When major road improvements on the 23-kilometer-long Epifanio de los Santos Avenue (Edsa) start next May, the patience of motorists and commuters using the country’s busiest thoroughfare will be tested.
But according to Public Works and Highways Secretary Rogelio Singson, this will be true only while phase one of the P3.7-billion project is underway.
Phase one involves the “stretch of Edsa from Roxas Boulevard (in Pasay City) to Julia Vargas Avenue (in Mandaluyong City),” he explained.
“While we’re working on Phase 1, the rest of Edsa will be open and traffic in those areas will be normal,” Singson said in radio interview Sunday.
He added that before road repairs begin on the stretch of Edsa from Pasay to Mandaluyong City, the Department of Public Works and Highways (DPWH) would first construct the elevated flyover at the intersection of Edsa and Taft Avenue.
The rehabilitation of the major thoroughfare will be done in three phases for 23 months under the DPWH’s Urgent Infrastructure Development Project, in time for the World Economic Forum in 2014 and the Asia-Pacific Economic Cooperation summit in 2015.
Singson said the department aims to replace all damaged concrete pavements to ensure road stability and the carrying capacity of the road.
Once completed, Edsa will soon become as “smooth” as the North and South Luzon Expressways (NLEx and SLEx), he added.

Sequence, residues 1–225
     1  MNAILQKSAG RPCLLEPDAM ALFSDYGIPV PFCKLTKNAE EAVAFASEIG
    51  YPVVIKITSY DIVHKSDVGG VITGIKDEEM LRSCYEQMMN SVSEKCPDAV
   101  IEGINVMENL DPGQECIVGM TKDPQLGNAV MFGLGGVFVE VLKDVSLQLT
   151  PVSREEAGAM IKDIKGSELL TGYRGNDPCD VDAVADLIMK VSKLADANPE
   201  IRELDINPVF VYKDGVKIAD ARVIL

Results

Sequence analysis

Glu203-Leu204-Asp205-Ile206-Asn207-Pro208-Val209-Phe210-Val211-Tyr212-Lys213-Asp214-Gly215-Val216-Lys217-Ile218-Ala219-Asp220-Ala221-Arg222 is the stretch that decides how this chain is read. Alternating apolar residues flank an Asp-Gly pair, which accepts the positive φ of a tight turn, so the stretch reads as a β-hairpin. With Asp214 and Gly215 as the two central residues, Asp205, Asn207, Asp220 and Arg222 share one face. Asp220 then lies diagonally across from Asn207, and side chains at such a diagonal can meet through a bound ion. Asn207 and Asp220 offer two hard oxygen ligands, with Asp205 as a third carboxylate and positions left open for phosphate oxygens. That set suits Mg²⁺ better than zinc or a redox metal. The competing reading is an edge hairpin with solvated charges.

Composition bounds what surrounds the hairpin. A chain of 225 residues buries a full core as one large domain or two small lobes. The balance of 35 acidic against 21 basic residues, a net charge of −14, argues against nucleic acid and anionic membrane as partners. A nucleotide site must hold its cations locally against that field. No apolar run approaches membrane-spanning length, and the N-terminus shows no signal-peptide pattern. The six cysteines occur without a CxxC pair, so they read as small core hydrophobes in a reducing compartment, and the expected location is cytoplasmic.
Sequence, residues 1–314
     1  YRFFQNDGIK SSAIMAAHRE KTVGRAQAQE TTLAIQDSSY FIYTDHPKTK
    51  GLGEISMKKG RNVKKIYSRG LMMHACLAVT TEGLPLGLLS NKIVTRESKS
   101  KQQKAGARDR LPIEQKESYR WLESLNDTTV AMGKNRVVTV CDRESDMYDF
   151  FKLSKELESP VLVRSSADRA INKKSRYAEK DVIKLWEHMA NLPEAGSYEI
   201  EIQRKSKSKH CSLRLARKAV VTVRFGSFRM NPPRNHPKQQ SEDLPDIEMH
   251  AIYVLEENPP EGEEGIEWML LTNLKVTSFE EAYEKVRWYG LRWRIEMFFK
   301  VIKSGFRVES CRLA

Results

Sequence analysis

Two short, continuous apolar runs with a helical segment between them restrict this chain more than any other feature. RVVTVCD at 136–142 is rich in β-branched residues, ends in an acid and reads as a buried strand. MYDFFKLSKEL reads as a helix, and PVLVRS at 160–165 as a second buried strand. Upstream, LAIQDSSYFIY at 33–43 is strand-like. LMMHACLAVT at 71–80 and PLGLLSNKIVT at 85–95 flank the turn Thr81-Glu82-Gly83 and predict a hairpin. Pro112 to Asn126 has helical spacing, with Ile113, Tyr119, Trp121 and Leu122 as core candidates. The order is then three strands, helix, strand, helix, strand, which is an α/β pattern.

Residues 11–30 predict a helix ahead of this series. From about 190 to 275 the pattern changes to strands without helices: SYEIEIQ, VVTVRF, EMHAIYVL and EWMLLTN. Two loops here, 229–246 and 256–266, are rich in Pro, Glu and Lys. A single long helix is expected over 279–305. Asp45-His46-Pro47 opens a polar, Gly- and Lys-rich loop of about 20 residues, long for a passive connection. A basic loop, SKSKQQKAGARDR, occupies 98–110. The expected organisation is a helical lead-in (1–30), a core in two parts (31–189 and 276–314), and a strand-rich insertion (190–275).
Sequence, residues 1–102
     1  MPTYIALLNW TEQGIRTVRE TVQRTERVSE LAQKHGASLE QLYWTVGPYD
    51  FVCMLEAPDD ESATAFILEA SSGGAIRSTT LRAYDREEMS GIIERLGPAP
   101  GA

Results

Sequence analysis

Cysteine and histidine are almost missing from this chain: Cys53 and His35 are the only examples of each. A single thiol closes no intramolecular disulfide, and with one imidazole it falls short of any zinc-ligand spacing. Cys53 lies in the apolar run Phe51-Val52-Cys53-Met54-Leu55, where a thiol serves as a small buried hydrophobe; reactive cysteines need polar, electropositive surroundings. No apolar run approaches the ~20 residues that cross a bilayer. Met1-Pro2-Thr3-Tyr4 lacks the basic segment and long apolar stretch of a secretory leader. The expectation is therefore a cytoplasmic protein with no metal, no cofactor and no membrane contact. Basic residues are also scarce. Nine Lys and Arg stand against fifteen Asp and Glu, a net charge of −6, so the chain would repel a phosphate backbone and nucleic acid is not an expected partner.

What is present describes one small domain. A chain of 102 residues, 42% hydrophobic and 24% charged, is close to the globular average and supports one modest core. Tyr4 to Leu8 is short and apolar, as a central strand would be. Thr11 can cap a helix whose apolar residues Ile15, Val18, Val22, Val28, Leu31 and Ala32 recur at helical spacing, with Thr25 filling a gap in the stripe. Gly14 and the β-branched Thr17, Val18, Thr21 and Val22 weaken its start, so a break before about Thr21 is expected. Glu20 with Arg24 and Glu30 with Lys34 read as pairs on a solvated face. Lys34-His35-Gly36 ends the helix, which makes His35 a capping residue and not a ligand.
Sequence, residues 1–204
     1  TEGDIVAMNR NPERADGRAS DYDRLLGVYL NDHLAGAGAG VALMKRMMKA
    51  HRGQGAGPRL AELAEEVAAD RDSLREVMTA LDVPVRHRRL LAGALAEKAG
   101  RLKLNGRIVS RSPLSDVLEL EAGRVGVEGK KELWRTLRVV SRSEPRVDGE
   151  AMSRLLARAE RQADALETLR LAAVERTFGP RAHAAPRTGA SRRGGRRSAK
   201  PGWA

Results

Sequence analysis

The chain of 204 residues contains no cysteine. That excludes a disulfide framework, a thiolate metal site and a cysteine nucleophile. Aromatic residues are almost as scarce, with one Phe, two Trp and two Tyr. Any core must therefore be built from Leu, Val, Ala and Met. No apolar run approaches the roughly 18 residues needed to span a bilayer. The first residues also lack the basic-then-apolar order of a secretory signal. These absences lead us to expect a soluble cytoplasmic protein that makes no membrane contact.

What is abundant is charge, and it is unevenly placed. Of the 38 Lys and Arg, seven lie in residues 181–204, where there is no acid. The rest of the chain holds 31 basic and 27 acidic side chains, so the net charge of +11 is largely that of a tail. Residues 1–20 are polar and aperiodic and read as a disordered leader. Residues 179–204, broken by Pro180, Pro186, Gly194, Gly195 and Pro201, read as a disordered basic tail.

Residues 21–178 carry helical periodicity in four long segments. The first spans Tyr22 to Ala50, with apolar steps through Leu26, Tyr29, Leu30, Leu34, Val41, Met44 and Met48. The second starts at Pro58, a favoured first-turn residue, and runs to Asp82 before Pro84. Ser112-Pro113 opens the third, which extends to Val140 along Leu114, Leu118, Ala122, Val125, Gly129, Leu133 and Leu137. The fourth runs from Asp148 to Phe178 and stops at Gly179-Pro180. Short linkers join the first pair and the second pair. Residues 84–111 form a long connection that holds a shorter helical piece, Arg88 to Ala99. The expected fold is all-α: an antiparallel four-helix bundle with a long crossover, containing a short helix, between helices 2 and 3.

Singson, meanwhile, lamented the fact that the highway which was completed in 1954 had practically been neglected by previous administrations.
Edsa is proof that “our road standards have really gone down. We are settling for roads full of potholes,” he said.
“Only piecemeal repairs are being done there. Yet, we can have smoothness that can equal that of both NLEx and SLEx,” he added.
Last week, the road project was approved by the Metropolitan Manila Development Authority which has yet to map out alternate routes for motorists.
Aside from Edsa, the DPWH also plans to “restore Taft Avenue (which covers portions of from Manila and Pasay City) as a major thoroughfare.”
The road “has been taken over by vendors with sidewalks crammed with illegal structures that commuters end up waiting for their ride in the middle of the street,” noted Singson.
According to the DPWH head, the agency will “pursue the full pavement of primary roads and bridges nationwide by 2014 and 2016, respectively.”
The target covers 15,872 km of national arterial roads, 15,370 km of national secondary roads ad 7,958 bridges with a total length of 345,978 lineal meters, he said.
This year, the DPWH allocated nearly P23 billion to preserve the existing road network and another P26.2 billion to pave 1,175 km of gravel-type roads. An additional P7.9 billion will be used to upgrade bridges.
In the 2012 Global Competitiveness Report, the Philippines scored a low 3.1 points in road quality on a scale of 1 (extremely underdeveloped) to 7 (extensive and efficient by global standards).
Vietnam scored a much lower 2.6, while other Asian countries rated as follows: Singapore, 6.5; Hong Kong, 6.2; Japan and South Korea, both 5.8; Malaysia, 5.7; Taiwan, 5.6; Thailand, 5; China, 4.4; Indonesia, 3.5; and India, 3.4.